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The Douglas County Board of Commissioners decided against raising the 2021 millage rate, and instead adopted a tax rate of 12.563 mills: the same rate as the previous year. The millage rate is the tax rate applied to the assessed value of taxable property in order to calculate the property tax to be paid.
“Due to the unforeseen challenges associated with this ongoing pandemic, we must remain steady yet considerate of our citizens financial burdens associated with this volatile virus; therefore, raising the millage rate by 1 mill was never an option for me,” Chairwoman Jones said. “We’ve always tried to be good stewards and we will continue to double down on expenses. If possible, I would recommend a roll back every year as I did in prior years if circumstances were normal.”
The Board had advertised its intention to increase the 2021 property taxes it will levy this year by 12.19 percent over the rollback millage rate. After hearing from residents in three public hearings, board members modified their positions with their 4-1 vote to keep the rate at the 2020 level. The four-vote majority included Commission Chairwoman Dr. Romona Jackson Jones, Vice Chairman & District 2 Commissioner Kelly Robinson, District 1 Commissioner Henry Mitchell, III and District 3 Commissioner Tarenia Carthan. District 4 Commissioner Ann Jones Guider opposed.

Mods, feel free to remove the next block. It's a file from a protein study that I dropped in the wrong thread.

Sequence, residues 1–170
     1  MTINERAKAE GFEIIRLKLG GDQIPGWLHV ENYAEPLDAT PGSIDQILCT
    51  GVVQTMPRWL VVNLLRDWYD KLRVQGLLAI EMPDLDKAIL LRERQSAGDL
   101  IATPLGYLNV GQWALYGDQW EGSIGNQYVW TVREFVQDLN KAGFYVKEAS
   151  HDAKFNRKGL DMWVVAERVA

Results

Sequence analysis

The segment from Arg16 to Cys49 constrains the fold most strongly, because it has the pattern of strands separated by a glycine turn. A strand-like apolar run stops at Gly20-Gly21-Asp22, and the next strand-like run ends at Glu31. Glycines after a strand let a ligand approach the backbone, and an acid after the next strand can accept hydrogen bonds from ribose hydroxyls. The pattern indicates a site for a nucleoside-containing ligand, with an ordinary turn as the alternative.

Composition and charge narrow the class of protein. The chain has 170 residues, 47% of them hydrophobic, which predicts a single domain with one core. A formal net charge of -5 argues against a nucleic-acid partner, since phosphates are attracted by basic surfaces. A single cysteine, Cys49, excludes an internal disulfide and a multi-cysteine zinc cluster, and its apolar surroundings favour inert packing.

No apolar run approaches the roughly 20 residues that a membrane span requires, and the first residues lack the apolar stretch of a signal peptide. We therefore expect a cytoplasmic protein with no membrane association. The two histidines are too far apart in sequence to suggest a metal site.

“I appreciate the citizens’ opinions on this issue,” Vice Chairman & District 2 Commissioner Kelly G. Robinson said. “The question is how do we fund economic development? Do we use property taxes, or do we use SPLOST dollars? All of this is a choice.”
“I’ve never been a proponent of raising the millage rate, but I understand the needs of my community and what they are asking for,” District 1 Commissioner Henry Mitchell III said. “The question becomes, how do you fund those needs?”
Georgia State law requires counties to compute a rollback millage rate. The rollback rate is the rate that would generate the same amount of revenue as last year. The law also requires advertising and holding three public hearings on the increase in tax revenue even if the millage rate remains the same as the year before.